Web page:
Do They Have To Move? Logistics Cost Analysis of Shanghai Textile and Apparel Industrial Transfer
The Chinese renminbi had been steadily appreciating against the U.S. dollar since 2005 and in 2008, the Chinese government introduced a revised labor law and minimum wage legislation. These factors brought a steady rise in Chinese labor costs, and this trend was going to continue as Chinese governments intended to double the minimum wage by 2015 through an annual series of incremental wage increases of 20% each year. In this situation, a medium-sized OEM — a Shanghai textile and apparel company — was considering whether to relocate its factory in Jiangsu Province. According to Fisher’s supply chain model, transportation and labor costs were the two major cost components that could have a great impact in deciding whether to relocate the factory. The case analyzes the logistics cost of Company A with different factory locations through comparisons of Shanghai and Jiangsu with regard to transportation costs and labor costs. With the labor cost increases and industry clustering, Shanghai textile and apparel companies were facing the challenges of increases in labor costs and transportation costs. Therefore, they needed to make a decision about whether to move from Shanghai to Jiangsu Province.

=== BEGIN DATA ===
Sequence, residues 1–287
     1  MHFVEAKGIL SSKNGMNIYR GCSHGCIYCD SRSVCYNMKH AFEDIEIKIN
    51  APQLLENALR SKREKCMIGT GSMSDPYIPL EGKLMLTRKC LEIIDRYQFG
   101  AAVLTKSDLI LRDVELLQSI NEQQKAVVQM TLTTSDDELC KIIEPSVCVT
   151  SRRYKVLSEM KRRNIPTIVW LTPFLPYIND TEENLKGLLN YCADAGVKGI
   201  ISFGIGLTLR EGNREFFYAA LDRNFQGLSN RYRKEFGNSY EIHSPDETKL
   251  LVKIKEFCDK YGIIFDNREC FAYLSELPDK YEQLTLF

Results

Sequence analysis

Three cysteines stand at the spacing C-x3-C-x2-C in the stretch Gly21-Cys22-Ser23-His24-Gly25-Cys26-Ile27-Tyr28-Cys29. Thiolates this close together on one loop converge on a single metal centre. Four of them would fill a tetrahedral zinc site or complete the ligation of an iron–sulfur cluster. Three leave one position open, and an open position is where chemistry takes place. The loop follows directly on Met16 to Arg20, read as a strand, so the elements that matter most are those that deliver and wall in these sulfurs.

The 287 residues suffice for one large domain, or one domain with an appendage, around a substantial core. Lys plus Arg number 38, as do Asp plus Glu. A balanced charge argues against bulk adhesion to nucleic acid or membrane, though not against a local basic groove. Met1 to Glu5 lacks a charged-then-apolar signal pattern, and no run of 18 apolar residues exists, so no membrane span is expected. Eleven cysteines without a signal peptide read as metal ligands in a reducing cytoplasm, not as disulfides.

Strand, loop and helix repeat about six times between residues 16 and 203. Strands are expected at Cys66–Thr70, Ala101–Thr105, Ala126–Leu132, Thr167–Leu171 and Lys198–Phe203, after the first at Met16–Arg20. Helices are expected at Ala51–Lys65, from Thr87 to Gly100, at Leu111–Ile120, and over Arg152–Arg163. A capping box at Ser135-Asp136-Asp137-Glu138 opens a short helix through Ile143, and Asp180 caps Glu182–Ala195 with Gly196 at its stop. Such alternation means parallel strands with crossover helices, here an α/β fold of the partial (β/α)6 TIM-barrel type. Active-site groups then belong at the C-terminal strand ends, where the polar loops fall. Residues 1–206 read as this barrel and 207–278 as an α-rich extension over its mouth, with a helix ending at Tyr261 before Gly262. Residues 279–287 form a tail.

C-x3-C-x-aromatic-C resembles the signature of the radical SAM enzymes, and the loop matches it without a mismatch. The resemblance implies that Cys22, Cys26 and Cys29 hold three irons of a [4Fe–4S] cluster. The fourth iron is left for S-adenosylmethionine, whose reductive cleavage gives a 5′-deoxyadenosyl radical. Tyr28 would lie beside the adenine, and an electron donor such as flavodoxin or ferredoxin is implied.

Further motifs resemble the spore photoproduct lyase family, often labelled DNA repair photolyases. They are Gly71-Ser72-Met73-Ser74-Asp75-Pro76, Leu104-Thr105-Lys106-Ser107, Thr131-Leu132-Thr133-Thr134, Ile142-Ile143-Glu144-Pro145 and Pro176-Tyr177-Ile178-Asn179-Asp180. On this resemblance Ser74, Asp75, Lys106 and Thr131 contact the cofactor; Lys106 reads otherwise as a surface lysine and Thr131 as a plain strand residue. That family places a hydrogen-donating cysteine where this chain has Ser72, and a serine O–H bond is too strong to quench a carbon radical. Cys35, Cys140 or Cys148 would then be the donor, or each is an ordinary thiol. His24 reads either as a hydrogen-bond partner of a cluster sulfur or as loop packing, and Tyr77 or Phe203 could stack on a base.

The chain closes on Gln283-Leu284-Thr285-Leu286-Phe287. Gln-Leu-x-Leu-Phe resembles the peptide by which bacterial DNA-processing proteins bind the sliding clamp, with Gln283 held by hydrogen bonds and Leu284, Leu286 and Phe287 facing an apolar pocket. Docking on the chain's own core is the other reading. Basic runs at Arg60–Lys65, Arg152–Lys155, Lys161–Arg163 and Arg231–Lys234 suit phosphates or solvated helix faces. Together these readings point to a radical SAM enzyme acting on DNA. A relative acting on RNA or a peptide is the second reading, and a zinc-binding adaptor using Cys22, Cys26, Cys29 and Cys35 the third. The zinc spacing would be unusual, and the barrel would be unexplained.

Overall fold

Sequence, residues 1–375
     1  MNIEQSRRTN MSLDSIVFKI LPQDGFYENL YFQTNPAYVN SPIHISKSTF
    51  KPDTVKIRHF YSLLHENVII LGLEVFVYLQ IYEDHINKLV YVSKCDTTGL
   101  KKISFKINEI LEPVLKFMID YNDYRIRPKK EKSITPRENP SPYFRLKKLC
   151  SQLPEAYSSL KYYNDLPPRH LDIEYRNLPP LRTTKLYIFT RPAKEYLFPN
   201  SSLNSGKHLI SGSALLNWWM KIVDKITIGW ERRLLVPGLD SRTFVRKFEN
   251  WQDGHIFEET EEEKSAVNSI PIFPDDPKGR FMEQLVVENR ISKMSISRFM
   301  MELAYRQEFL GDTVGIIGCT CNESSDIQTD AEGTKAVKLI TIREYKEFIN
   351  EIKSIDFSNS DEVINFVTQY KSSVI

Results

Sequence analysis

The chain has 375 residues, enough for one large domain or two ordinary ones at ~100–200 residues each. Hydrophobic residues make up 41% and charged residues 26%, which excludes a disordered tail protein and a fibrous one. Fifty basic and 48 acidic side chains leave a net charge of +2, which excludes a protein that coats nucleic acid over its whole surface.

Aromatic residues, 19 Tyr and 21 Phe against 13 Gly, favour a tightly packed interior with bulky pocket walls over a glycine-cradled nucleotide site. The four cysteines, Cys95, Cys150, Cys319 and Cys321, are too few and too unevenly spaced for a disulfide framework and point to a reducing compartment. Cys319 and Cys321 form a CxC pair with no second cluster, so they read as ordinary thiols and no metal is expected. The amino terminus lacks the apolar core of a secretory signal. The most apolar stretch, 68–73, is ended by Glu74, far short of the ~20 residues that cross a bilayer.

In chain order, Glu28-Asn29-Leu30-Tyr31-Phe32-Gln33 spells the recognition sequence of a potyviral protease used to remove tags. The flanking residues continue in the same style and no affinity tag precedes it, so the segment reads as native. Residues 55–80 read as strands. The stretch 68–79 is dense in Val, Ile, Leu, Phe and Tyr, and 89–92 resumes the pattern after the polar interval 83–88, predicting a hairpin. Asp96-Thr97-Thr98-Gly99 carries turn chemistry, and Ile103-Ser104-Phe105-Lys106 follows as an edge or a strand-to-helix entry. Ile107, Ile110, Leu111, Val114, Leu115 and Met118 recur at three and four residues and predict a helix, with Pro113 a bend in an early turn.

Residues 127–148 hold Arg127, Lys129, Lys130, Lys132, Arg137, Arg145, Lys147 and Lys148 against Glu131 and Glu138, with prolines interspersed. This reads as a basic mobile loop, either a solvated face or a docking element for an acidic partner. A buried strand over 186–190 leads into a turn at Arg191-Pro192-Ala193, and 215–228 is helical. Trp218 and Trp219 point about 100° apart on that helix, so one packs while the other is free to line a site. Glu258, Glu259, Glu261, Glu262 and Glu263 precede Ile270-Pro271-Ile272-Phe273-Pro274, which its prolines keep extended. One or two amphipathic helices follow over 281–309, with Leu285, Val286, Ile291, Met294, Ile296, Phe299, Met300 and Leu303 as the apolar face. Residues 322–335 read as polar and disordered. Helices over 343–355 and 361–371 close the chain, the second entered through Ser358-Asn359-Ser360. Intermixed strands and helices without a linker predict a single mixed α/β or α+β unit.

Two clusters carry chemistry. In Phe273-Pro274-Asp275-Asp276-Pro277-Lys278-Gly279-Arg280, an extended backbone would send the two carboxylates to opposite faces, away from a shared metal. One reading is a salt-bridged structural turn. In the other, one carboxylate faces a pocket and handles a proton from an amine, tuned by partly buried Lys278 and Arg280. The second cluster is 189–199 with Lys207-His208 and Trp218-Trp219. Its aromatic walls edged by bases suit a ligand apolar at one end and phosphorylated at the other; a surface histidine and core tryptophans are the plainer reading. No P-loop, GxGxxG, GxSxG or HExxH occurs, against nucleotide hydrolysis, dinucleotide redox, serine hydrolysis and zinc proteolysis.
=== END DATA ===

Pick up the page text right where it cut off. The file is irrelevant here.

2015，Journal of Supply Chain Management
2014，Journal of Supply Chain Management
Published by：China Europe International Business School